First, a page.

Here at Hyperallergic, we’ve been thinking a lot about public art recently. Turns out we’re not the only ones.
Last week artist Zefrey Throwell launched a project in Water Valley, Mississippi, which takes the classic idea about public artworks — that they should honor famous people who’ve accomplished very big things — and turns it on its head. Instead, Throwell is making Everyday Awards, personalized plaques to honor ordinary people for what they view as significant moments in their lives.
As Throwell explained to Hyperallergic:
I came up with the idea for “Everyday Awards” when I was walking around NYC one day. I realized that most of the monuments in the city are for people that had died hundreds of years ago and I had no idea who they were or why they were important. The monuments that I did know were mostly for people who had killed a large number of people or been involved in some questionable political or financial positions. The idea behind “Everyday Awards” is to honor living people who are leading interesting and significant lives.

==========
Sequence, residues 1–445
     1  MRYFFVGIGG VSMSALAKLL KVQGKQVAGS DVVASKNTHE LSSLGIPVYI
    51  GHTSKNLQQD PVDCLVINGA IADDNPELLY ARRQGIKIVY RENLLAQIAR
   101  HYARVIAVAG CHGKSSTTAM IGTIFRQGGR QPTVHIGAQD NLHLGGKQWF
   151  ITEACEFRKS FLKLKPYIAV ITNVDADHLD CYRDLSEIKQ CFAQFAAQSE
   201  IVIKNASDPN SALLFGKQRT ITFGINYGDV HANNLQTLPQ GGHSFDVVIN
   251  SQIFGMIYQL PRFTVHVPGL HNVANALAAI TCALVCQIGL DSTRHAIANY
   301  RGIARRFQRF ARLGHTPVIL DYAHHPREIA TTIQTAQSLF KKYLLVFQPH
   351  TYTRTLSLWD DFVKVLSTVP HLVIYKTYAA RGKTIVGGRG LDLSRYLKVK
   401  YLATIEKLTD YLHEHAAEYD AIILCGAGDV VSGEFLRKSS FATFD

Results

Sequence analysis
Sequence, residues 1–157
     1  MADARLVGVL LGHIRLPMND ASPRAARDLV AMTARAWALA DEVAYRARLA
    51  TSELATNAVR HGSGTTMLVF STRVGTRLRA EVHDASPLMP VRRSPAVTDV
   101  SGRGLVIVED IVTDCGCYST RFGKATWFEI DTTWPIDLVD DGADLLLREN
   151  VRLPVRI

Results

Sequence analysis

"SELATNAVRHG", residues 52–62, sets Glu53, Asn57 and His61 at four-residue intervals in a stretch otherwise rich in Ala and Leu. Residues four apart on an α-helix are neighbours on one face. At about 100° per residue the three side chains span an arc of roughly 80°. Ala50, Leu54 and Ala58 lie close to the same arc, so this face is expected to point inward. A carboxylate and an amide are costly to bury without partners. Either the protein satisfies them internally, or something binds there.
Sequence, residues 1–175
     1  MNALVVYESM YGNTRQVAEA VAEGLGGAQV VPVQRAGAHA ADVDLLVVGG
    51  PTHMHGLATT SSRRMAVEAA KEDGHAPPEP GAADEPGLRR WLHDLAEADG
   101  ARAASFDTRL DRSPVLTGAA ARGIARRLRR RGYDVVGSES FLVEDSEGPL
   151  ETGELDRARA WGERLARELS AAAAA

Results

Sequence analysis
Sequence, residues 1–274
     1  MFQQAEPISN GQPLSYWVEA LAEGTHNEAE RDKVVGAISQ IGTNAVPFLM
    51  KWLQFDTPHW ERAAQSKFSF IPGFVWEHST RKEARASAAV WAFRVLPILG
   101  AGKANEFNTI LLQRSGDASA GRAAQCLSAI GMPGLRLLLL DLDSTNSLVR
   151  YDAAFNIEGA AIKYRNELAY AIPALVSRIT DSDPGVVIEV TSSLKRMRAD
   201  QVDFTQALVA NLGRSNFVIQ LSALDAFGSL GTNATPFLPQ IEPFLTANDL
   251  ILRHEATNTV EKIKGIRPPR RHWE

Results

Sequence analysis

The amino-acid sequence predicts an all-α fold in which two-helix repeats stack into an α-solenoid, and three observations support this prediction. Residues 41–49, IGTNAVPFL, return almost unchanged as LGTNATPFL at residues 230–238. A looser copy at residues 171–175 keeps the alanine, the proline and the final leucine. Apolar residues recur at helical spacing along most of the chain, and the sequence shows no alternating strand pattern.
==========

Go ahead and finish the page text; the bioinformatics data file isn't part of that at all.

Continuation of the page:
To do so, the artist is essentially stopping people on the street in Water Valley and nearby towns to chat with them. From there, he sets up a time to interview them, and in the course of those interviews, he and his subjects decide what they want to commemorate in their lives. He then writes up a short text, combines it with a photograph of the person being honored and creates a plaque — 15 in total, which are being displayed at Water Valley’s Yalo Studio and Gallery.
“This honoring of everyday actions is both a step away from the false plastic sensibility that media and advertising sells us and also a step towards knowing our neighbors in a new light,” Throwell writes. That sounds lovely and inspiring to me. Here’s hoping for a reprise in New York.
Everyday Awards is on view at Yalo Studio and Gallery (303 N Main Street, Water Valley, Mississippi) through September 8.
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